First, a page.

Thursday, 5 March 2015

Flower Pressing

When I was younger, my parents bought me a flower pressing contraption (I say contraption because it was the most confusing thing to use) and I was so excited at the prospect of being able to keep pretty flowers, pretty - before they withered and died. 
Growing up, in the summer our garden was always filled with as many colourful flowers that could possibly fill baskets hanging from walls. My dad was a keen gardener (when he wasn't working hard commuting to and from London each day for his job) and so there was always plenty to choose from.

Steps to press flowers are so easy, and you don't need to go out and purchase any special equipment. Of course, there is a professional way to do this which requires a lot of dedication I'm sure, as well as specific utensils to facilitate the precision and ultimate outcome. However this is the quickest, cheapest way to create pressed flower art. Some people will ask 'why?', and I have two words for you - 'why not?'. The end results look great and can be used in so many ways; I use the flowers to decorate notebooks! Buy a plain notebook, place the flowers onto the book's exterior and encase with clear book cover film.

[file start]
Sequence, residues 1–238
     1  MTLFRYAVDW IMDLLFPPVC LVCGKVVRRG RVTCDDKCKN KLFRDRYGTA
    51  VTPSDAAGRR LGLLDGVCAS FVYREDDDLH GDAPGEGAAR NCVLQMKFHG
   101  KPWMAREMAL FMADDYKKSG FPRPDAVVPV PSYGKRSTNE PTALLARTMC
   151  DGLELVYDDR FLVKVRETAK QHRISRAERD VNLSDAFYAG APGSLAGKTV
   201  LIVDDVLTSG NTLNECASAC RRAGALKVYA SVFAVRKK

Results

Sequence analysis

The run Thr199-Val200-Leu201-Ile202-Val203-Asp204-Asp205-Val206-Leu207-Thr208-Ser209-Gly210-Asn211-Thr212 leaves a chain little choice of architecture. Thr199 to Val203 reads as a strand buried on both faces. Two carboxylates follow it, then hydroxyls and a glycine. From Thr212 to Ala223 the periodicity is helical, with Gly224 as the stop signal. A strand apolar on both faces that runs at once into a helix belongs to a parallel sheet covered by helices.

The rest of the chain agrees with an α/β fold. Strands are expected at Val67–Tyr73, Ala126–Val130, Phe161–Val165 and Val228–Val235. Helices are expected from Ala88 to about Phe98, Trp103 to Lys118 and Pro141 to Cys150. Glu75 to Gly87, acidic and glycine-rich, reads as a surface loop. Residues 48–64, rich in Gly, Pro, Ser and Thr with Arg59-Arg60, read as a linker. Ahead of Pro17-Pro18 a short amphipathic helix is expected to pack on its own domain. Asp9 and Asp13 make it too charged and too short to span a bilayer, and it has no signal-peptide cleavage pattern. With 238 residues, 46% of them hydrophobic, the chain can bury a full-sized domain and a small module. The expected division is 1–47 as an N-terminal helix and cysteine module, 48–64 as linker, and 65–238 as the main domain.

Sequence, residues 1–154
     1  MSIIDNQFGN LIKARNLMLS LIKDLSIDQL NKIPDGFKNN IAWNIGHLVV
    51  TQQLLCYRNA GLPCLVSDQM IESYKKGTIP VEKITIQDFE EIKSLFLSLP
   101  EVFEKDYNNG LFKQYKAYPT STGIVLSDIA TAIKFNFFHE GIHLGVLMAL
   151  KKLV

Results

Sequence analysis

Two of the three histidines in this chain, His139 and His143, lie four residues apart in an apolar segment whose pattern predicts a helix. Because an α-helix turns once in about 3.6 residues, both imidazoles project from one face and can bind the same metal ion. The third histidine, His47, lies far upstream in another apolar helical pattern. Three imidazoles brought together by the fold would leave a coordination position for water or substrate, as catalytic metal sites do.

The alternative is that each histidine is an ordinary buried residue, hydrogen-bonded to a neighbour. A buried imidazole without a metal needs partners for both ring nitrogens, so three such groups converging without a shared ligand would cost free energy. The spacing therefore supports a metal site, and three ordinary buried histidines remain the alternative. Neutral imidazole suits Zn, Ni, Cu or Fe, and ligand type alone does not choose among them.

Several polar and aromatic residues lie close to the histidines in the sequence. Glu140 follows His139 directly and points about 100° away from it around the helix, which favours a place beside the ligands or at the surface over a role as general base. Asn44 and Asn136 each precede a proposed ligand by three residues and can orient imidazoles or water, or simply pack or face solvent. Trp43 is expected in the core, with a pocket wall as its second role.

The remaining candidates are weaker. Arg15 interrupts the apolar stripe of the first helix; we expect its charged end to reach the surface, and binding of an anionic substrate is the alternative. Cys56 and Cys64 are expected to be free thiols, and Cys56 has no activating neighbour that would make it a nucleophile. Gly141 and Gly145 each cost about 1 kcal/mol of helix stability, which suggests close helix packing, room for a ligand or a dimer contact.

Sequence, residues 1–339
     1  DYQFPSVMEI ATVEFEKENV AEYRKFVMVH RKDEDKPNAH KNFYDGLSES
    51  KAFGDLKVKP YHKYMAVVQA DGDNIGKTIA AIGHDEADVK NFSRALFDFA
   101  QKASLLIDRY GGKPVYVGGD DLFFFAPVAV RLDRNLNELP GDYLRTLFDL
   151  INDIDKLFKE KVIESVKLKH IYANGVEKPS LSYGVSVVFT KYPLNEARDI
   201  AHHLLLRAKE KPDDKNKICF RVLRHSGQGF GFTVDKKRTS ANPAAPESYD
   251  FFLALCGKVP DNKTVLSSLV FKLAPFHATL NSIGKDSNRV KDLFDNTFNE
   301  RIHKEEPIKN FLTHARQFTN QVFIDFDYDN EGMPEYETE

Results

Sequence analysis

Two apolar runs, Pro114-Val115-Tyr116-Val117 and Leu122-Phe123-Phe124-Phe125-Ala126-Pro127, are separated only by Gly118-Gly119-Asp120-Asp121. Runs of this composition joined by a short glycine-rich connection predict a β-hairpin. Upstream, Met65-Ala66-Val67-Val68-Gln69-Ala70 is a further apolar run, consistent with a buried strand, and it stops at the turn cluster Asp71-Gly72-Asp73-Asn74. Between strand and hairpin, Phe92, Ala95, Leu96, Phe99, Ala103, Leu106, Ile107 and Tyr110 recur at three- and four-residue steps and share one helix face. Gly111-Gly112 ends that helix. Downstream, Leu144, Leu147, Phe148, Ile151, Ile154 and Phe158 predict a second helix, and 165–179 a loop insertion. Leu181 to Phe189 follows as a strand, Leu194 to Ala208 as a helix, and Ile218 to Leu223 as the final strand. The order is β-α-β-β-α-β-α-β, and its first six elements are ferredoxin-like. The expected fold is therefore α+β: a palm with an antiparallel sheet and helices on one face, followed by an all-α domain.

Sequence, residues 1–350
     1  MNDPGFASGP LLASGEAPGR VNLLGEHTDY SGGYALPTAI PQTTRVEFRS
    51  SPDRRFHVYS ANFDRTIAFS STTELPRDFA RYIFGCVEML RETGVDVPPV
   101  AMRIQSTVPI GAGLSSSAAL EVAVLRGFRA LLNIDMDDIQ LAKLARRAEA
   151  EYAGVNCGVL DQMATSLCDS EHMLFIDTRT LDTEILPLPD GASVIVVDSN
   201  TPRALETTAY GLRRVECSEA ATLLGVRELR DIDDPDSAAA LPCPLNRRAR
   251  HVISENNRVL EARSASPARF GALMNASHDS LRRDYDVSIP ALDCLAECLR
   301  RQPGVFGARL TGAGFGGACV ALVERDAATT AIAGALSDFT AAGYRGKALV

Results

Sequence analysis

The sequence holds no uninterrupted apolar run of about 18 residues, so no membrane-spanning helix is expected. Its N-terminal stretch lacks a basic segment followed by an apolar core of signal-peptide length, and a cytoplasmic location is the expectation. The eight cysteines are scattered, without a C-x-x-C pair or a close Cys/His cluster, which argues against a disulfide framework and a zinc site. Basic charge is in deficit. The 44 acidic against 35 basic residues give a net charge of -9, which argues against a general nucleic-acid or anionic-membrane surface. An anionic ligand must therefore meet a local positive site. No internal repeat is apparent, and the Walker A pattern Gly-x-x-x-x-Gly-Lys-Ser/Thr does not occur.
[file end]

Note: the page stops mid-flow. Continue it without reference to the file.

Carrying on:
You can call me Grandma Gray! 



Try and cut as much of the flower's stem off in order to create a fairly flat surface. 

With these yellow roses, I 'spread' the flower out prior to pressing so that the darker centre is visible. 


Place the prepped flowers in between a sheet of paper.


Place the folded sheet (with the flowers in between) in the middle of a heavy book. If you've chosen fairly fresh flowers, the process will take a little longer. Leave for however many weeks it takes and keep checking until you achieve the desired outcome. 


Here's one I made earlier! (Who used to love watching Art Attack?)
This was left to press for around three to four weeks. 

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